OECD Economic Surveys: Japan

Every 18 months
1999-012X (online)
1995-3062 (print)
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OECD’s periodic surveys of the Japanese economy. Each edition surveys the major challenges faced by the country, evaluates the short-term outlook, and makes specific policy recommendations. Special chapters take a more detailed look at specific challenges. Extensive statistical information is included in charts and graphs.

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OECD Economic Surveys: Japan 2017

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13 Apr 2017
9789264272187 (EPUB) ; 9789264272170 (PDF) ;9789264272132(print)

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Economic growth has picked up since Abenomics was launched in 2013, and so has job creation. However, Japan faces serious demographic headwinds, as its population is projected to decline by a quarter over 2015-50, with the share over age 65 rising from 26% to almost 40%. Firms already face labour shortages. Population ageing also puts upward pressure on government spending. Gross government debt, which has risen to 219% of GDP, the highest ever recorded in the OECD area, continues to rise. Labour productivity is about a quarter below the top half of OECD countries despite Japan's high levels of human capital, R&D and business investment. Slowing productivity growth has been accompanied by increased income inequality and relative poverty. Gender gaps in employment and wages are relatively large. This Economic Survey of Japan assesses the country’s recent macroeconomic performance and prospects, and offers recommendations to boost productivity and foster more inclusive growth. In particular, the expanding gap between leading and lagging firms should be narrowed by promoting business sector dynamism and entrepreneurship. Breaking down labour market dualism is a priority to bring about inclusive growth and raise productivity. Faster productivity and output growth, accompanied by measures to limit public spending growth and gradually increase government revenue, would help ensure fiscal sustainability.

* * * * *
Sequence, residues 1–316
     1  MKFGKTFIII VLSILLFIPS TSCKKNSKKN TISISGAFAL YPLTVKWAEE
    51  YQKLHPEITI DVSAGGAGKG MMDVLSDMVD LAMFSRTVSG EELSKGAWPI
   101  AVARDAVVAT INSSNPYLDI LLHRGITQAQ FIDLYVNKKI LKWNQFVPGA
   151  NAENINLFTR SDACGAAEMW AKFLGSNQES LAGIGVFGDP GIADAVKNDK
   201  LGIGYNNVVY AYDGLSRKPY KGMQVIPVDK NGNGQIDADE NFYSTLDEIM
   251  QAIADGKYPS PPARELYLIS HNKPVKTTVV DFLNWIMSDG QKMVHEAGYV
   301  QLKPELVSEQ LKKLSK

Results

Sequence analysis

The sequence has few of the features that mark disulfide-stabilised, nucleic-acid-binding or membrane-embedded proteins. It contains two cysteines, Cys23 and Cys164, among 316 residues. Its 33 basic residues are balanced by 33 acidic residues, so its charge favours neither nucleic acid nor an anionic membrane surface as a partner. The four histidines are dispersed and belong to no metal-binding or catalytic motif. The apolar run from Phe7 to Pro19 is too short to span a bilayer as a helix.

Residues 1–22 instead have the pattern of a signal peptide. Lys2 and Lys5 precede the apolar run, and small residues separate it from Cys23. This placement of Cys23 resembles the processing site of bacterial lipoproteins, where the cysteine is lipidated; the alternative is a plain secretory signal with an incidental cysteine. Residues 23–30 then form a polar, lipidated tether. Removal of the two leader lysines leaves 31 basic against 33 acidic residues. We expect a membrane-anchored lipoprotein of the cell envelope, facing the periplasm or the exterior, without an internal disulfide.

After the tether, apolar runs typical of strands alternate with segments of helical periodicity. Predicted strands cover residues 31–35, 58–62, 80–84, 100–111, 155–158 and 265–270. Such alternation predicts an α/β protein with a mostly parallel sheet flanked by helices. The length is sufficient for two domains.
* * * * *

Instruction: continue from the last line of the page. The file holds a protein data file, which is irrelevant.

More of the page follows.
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  • Basic statistics of Japan, 2015

    This Survey is published on the responsibility of the Economic and Development Review Committee (EDRC) of the OECD, which is charged with the examination of the economic situation of member countries.

  • Executive summary

    Growth has picked up The dispersion in labour productivity between firms limits inclusive growthGovernment debt continues to rise as a share of GDP

  • Assessment and recommendations

    Recent macroeconomic developments and short-term prospectsRemoving barriers to labour participation in the context of population ageingIncreasing productivity to promote inclusive growthPutting the government debt ratio on a downward trend

  • Progress in structural reforms
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  • Expand / Collapse Hide / Show all Abstracts Thematic chapters

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    • Boosting productivity for inclusive growth

      Never in the past 30 years has productivity growth been lower than since the 2008 global financial crisis, and never has income inequality been higher than it is today in Japan, and in the OECD area. The two challenges have some common origins, including a widening productivity and wage gap between leading firms and those that are lagging. This creates scope for positive synergy between policies to promote productivity and inclusive growth. Exit policy should be improved to facilitate the closure of non-viable firms, whose survival hampers the growth of viable firms in Japan. This would also increase firm entry, along with policies to promote entrepreneurship. The growing gap between Small and Medium-sized Enterprises and large firms also needs to be addressed. Breaking down labour market dualism, which limits human capital accumulation by non-regular workers and contributes to earnings and income inequality, is also a priority. Finally, ensuring appropriate skills, including those needed for digitalisation, would help support higher productivity and inclusive growth.

    • Ensuring fiscal sustainability in the context of a shrinking and ageing population

      With gross government debt of 219% of GDP in 2016, Japan’s fiscal situation is in uncharted territory and puts the economy at risk. In addition to raising productivity and growth, Japan needs a more detailed and credible fiscal consolidation path, including specific revenue increases and measures to control spending to restore fiscal sustainability. Spending pressures associated with rapid population ageing make reforms to contain social expenditures a priority. Local governments need to be part of the effort to contain public spending in the context of a shrinking population. Much of the consolidation, though, will have to be on the revenue side, primarily through hikes in the consumption tax rate toward the OECD average and a broadening of the personal income tax base. Fiscal consolidation should be accompanied by measures to promote inclusive growth through the tax and benefit system, in particular by introducing an earned income tax credit to assist the working poor, hiking the tax on capital income and broadening the base of the inheritance tax.

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